Saturday, July 4, 2009

No, not EVERYBODY. Sheesh!

The diabetes post yesterday was aimed at people who are obese or well on their way to being obese. I apologize if I didn't make that clear. It was not my intention to tell healthy people of healthy weight to buy a glucose meter and check their blood. Sorry if there was a misunderstanding. The intent of the post was to talk about insulin resistance and how it comes about.

If you DO decide to keep tabs on your blood glucose levels, you may be assured that the process is painless and that only the tiniest droplet of blood is required to test. I hope you won't let the false fear that testing is painful keep you from finding out if you are diabetic. And no, not every day (yet) - just a couple of tests to see if you need to start a program or not. And DO see a doctor if it is high. Get started early.
What's normal? 75-90 if you are young and healthy and haven't eaten. Probably. "Normal" is a term which is a bit flexible. But healthy normal people very seldom will go over 145 even after a meal. Even after a piece of pie. And down it goes really fast after it peaks. These numbers are mg/dl. Milligrams per decaliter. Glucose to blood. But you can switch to the mole scale if you prefer. Meters are flexible too.

What does this mean? If you get a reading of 200, then wake up and smell the roses. If you get a reading of 300, make an appointment with your doctor for a counseling session. Get some tests run: liver function, kidney function, thyroid, and, of course, A1c. He or she will explain that last one to you.

But another important thing is how fast a high number comes down.

There are two types of insulin responses your body makes when you eat. Phase I response and Phase II. Phase I is a store of insulin that can be shot out into your bloodstream rapidly when the body senses coconut cream pie coming down. Or any carbohydrate food, actually. This fast response nips a blood glucose peak in the bud right away and doesn't let it get much higher. But if you eat a bowl of ice cream and your test a half hour later (or even sooner) is, say, 230, it means your Phase one response isn't there. The slower, longer acting Phase II response must not only bring your glucose down below 100 (only over a considerable length of time) but it also is the only thing that is there to knock down the initial deluge of glucose. And it can't. Only time is the answer with Phase II response of insulin.

We'll talk in more detail about Phase I and Phase II responses next time. But for now, if you are obese or well on your way, just test first thing in the morning after fasting all night, and test a half hour or so after you've eaten a meal with carbs in it. Those 2 will give you some initial information on where you stand.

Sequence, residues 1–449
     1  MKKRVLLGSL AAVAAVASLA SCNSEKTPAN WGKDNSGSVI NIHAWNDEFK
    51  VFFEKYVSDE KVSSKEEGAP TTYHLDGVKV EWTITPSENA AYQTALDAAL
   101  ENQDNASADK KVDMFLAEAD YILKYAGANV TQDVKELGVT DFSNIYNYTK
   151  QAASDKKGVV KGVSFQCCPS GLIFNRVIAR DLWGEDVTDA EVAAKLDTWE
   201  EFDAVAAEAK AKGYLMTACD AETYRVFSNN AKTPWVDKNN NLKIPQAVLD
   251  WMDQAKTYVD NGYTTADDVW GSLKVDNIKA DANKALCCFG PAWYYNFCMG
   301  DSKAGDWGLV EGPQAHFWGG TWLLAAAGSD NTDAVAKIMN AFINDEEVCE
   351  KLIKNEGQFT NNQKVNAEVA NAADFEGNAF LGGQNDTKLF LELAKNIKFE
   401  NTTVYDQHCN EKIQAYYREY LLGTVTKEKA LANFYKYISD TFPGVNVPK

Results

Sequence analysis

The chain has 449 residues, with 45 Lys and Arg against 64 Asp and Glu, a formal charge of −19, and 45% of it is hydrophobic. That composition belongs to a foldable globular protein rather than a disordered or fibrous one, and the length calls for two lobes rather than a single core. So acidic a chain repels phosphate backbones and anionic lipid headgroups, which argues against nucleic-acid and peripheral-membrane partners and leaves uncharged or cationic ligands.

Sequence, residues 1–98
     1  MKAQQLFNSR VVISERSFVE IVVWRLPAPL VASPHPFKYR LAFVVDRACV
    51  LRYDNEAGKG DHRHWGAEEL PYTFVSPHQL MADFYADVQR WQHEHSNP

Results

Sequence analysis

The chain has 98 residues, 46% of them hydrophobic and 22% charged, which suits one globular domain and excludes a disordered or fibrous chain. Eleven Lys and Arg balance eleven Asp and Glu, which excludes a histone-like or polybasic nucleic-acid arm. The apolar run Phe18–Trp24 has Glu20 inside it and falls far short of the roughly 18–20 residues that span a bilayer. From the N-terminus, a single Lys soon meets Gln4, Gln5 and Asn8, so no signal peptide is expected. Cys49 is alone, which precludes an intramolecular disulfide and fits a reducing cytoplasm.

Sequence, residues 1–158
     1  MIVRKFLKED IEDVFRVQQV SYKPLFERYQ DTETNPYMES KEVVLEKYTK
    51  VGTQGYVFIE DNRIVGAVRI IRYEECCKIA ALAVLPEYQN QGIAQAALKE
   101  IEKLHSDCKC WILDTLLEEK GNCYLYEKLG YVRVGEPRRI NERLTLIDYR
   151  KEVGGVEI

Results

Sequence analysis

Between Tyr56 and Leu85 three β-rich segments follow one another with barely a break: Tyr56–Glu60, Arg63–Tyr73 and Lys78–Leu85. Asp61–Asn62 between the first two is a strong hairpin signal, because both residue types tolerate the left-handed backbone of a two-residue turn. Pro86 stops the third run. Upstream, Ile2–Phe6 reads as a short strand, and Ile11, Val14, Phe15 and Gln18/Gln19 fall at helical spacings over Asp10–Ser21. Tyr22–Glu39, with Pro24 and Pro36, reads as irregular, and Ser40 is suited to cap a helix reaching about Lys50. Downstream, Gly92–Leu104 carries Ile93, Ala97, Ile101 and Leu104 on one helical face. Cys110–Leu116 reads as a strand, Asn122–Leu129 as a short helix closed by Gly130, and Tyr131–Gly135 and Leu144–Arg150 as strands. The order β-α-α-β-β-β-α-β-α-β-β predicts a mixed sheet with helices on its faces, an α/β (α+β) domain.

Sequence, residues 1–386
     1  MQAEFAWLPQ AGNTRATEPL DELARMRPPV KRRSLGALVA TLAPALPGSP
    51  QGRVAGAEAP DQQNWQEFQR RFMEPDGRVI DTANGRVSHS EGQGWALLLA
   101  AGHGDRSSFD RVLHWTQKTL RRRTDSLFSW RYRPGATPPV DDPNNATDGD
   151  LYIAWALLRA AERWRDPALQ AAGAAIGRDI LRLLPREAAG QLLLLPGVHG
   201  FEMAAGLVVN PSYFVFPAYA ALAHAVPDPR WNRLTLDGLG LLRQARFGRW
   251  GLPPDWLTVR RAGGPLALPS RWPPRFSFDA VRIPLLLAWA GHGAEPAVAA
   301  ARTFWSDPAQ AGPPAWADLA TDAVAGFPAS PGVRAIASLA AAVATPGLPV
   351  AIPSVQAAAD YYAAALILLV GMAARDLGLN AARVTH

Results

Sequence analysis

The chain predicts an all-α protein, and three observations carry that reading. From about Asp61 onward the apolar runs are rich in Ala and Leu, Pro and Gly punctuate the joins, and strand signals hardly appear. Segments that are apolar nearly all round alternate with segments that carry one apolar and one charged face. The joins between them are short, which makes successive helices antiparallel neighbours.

Finally, even if you are healthy and not obese, please go take an A1c (HgA1c) test once a year. That is the most accurate guage of longer-term average blood glucose levels.


  1. I have to disagree that it's painless (and I know, too). There more nerve endings in your fingers and feet than anywhere else.

    But I don't disagree with the sentiment. And unexplained weight gain is another flag that makes testing or speaking with your doctor a good idea. It's good to know the warning signs.

  2. I have a very good friend that has always been heavy. He suddenly started dropping weight. When asked why he said because he was drinking lots and lots of water. He waited a year before getting the weight loss checked out. It was determined he had lost the equivalent of two of himself in weight and had severe diabetes. Because of the long weight he now has some kidney damage and his body did what you were talking about, it started digesting the muscle. I know a lot of people with diabetes, not all of whom are obese.

  3. @Stephanie B - I guess "pain" is relative. Try setting your lancet more shallowly. :) And are you SURE the finger has the most nerve endings of ANYPLACE??? Hmmmmm. :) :)

    @Ettarose - Losing weight with diabetes is called the honeymoon factor. So (oddly) if you LOSE weight without trying, that is a symptom to check out just as much as gaining is.

    Diabetes is a crazy disease. Probably the first symptom to sit up and take notice of is the constant thirst and the frequent urination. It is amazing how many people know that, but still wander around searching for a bathroom instead of searching for a doctor.



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